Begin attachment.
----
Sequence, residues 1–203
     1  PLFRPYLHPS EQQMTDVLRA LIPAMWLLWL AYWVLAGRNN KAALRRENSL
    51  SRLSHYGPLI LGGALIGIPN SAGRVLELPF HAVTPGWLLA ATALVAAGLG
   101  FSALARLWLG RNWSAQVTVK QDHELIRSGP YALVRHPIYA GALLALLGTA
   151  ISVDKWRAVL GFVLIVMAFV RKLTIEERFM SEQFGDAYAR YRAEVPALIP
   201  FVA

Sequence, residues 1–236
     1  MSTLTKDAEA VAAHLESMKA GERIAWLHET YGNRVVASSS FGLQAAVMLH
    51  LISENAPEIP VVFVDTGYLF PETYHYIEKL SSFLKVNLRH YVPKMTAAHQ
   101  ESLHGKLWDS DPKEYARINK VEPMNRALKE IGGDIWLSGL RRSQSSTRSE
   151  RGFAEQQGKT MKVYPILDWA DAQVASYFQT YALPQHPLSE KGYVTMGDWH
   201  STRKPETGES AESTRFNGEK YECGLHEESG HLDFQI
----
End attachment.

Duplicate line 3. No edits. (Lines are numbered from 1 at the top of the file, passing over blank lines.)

    51  SRLSHYGPLI LGGALIGIPN SAGRVLELPF HAVTPGWLLA ATALVAAGLG